The stunning Robertson area, at the foot of the imposing Langeberg mountains, begs to be explored. Don’t miss a visit to one of the wine farms such as Graham Beck, Springfield or Zandvliet. Route 62 continues through the Cogmanskloof (gorge) where you can gawk at the towering, layered rock surfaces. As you pass the gorge, you’ll leave the verdant Robertson Valley behind and enter the reddish-orange, rocky landscapes of the Little Karoo. Overnight in Robertson or Montagu, a charming town with tree-lined streets and lovely Victorian houses. There are also hot springs and hiking trails to explore.
Continue past Barrydale, Ladismith and Calitzdorp to Oudtshoorn. Along the way, drop by at two famous cafés on Route 62: Diesel & Creme and Ronnie’s Sex Shop.
Oudtshoorn, also known as the Ostrich Capital of South Africa, is a historic town with numerous hotels and restaurants. Don’t miss a visit to one of the ostrich farms and the beautiful Cango Caves. I also recommend taking a day to drive the Swartberg loop, an incredibly scenic route! From Oudtshoorn, head to De Rust and on to Prince Albert, the perfect place for lunch and a stroll.
From there, head back to Oudtshoorn along the Swartberg Pass through the spectacular Swartberg mountains, with its towering reddish stone cliffs and awe-inspiring stone formations. This is a largely unpaved road with numerous hairpin bends so make sure you have a sturdy car and drive carefully. You’ll want to drive slowly to take in the jaw-dropping scenery!
Back to Cape Town
From Oudtshoorn, you can choose to continue your road trip along the famous Garden Route (see below), or head back to Cape Town via Mossel Bay, Swellendam and Hermanus on the N2 Highway. I also recommend a stay at the amazing Gondwana Private Game Reserve, a Big Five game reserve near Mossel Bay. Read more about my stay at Gondwana Private Game Reserve.
- Cape Town to Robertson or Montagu (1-2 nights)
- Oudtshoorn (2 nights)
- [Optional] Gondwana Private Game Reserve (2 nights)
- Hermanus (1-2 nights)
6. Garden Route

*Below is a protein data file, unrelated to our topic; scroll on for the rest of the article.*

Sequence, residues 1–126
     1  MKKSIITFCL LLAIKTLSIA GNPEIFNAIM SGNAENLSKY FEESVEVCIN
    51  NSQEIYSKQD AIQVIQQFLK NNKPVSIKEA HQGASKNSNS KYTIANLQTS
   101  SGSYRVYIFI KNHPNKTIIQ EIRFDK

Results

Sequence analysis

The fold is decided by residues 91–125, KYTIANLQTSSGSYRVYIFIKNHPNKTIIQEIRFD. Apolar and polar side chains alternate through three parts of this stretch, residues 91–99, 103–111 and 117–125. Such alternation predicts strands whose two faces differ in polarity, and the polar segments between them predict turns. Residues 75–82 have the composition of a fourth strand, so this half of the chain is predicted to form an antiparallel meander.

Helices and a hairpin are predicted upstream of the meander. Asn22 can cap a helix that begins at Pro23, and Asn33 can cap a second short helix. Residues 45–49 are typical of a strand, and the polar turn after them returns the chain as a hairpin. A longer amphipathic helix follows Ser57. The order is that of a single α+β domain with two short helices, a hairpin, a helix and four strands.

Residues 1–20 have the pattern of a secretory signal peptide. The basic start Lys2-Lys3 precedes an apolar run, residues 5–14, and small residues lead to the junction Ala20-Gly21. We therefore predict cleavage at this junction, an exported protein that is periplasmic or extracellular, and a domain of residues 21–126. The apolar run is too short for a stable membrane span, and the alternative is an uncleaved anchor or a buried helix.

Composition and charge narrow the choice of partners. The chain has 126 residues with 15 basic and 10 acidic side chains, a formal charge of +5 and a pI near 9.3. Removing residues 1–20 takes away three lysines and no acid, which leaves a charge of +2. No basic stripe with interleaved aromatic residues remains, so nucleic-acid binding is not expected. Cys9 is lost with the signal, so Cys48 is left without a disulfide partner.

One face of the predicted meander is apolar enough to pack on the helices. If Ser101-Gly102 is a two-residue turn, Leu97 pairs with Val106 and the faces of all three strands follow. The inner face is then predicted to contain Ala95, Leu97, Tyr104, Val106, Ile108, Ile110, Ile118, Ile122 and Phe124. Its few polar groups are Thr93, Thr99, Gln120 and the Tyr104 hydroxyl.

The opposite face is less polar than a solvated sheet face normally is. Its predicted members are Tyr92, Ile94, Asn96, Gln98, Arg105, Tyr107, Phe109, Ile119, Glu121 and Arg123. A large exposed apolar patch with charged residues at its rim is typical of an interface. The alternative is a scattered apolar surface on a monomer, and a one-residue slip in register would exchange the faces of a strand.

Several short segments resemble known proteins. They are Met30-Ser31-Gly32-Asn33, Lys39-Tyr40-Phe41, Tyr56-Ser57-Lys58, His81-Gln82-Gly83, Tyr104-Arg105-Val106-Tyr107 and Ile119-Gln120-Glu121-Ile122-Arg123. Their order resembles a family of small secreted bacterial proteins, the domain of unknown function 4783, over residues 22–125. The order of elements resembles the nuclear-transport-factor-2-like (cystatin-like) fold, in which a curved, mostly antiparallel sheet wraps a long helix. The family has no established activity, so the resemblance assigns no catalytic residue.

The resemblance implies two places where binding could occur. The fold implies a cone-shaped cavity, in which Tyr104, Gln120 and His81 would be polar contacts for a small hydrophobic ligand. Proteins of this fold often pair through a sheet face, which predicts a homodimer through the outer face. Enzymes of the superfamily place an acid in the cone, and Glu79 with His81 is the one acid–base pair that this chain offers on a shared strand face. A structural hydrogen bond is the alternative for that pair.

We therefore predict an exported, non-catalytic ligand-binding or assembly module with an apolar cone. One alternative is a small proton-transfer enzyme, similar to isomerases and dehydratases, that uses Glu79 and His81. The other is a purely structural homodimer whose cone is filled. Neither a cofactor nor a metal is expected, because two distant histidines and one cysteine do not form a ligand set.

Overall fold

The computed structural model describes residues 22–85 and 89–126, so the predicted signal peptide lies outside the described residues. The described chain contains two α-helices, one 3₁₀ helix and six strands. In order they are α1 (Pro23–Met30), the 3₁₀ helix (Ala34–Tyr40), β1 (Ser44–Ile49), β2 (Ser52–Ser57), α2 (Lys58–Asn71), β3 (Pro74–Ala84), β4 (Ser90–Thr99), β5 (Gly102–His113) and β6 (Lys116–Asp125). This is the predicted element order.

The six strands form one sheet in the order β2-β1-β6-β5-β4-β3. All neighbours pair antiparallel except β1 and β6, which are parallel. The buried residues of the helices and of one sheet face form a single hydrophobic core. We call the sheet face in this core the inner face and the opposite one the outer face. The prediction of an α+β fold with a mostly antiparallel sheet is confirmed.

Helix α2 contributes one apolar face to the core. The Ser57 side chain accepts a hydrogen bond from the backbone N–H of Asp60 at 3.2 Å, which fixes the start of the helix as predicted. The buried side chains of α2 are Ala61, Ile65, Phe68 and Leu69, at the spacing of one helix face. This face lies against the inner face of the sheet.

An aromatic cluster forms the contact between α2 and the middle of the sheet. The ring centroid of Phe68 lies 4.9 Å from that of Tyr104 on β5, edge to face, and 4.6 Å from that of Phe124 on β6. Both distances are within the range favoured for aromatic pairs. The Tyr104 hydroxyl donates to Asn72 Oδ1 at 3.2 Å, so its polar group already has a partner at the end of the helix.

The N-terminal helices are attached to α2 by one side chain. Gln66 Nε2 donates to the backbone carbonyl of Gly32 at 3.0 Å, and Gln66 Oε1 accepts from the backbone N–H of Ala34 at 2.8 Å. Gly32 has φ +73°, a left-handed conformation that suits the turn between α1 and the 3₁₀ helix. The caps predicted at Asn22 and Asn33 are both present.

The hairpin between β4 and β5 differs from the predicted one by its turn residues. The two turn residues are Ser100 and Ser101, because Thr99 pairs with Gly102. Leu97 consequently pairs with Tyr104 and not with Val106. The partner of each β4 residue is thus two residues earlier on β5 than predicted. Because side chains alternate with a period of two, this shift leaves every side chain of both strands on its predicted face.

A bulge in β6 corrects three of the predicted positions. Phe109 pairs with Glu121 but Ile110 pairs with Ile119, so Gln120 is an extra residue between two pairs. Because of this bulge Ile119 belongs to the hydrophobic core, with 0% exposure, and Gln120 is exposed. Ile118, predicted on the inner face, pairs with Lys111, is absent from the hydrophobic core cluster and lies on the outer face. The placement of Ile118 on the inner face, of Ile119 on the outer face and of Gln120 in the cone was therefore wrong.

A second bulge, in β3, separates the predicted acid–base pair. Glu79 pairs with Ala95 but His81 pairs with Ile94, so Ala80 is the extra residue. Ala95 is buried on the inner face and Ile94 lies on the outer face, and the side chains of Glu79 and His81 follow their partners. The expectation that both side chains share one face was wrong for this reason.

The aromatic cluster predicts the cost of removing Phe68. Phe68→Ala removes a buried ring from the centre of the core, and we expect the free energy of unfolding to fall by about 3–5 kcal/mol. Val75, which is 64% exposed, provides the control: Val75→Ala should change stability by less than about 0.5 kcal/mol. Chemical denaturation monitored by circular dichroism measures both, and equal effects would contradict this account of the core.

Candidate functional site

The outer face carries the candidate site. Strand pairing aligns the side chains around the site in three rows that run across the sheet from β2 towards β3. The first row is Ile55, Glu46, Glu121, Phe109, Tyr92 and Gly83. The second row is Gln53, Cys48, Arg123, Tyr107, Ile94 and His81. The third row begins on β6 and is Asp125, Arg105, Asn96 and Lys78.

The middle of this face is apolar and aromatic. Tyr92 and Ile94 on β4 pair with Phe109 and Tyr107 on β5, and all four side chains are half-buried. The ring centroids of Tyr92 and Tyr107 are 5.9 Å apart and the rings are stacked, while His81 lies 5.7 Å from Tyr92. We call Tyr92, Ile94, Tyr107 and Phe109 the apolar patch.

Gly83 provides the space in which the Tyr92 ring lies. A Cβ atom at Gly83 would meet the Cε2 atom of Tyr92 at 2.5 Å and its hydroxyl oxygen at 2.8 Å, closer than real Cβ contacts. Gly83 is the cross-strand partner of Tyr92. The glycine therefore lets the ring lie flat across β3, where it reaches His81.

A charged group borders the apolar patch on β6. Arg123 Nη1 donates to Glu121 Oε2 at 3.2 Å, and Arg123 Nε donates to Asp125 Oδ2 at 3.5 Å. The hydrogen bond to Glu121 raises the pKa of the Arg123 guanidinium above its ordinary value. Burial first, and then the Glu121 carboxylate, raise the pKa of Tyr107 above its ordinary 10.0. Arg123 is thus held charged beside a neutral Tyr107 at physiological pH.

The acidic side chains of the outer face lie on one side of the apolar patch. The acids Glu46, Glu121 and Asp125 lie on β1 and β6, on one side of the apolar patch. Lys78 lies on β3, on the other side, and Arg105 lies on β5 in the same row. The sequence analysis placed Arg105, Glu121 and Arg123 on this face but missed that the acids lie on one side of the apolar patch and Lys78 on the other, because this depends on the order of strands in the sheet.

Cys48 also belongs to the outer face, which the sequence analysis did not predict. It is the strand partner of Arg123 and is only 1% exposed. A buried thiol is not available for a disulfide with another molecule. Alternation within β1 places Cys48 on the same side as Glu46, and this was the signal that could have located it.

The Garden Route is the most popular touristic road trip in South Africa. It officially starts in Mossel Bay and ends in Stormsrivier, approximately 300 kilometers away in the Eastern Cape. The spectacular coast, with its indigenous forests, pristine lagoons, endless sandy beaches and picturesque towns, is absolutely breathtaking.
Places to visit along the Garden Route
There are many interesting places to visit along the Garden Route. I recommend choosing two places to base yourself for 2-3 nights: Knysna and Plettenberg Bay. From here, recommended places to visit along the Garden Route include:
- Near Knysna: Knysna Heads, Knysna Forest and Garden of Eden
- Between Plettenberg Bay and Stormsrivier: Tsitsikamma National Park, Robberg Nature Reserve, Bloukrans Bridge and Storms River Bridge
The ultimate Garden Route road trip
There are three ways to embark on a Garden Route road trip. If you’re short on time, you can join a group tour from Cape Town. If you’d like to go on your own but only have a few days, you can fly into George (from Cape Town or Johannesburg) and hire a car at the airport for a few days to explore the Garden Route.
The third option requires more time but you’ll see the best of the Western Cape. Start the trip in Cape Town along the N1 Highway and continue along Route 62 to Oudtshoorn (see Route 62 above). From Oudtshoorn, join the Garden Route at Mossel Bay. Consider a safari stay at the amazing Gondwana Private Game Reserve near Mossel Bay. From here, drive the Garden Route to Knysna, Plettenberg Bay and Stormsrivier.
Drive back to Cape Town along the N2 Highway via Swellendam and Hermanus. Before getting back to Cape Town, you can opt to spend a few nights in Stellenbosch or Franschhoek to recover from this epic road trip!
Suggested duration: 10-15 days
Ultimate Garden Route itinerary
- Cape Town to Robertson/Montagu (1 night)
- Oudtshoorn (1 night)
- Knysna (2-3 nights)
- Plettenberg Bay (2-3 nights)
- Gondwana Game Reserve or Mossel Bay (1-2 nights)
- Hermanus (1-2 nights)
- [Optional] Stellenbosch/Franschhoek (1-3 nights)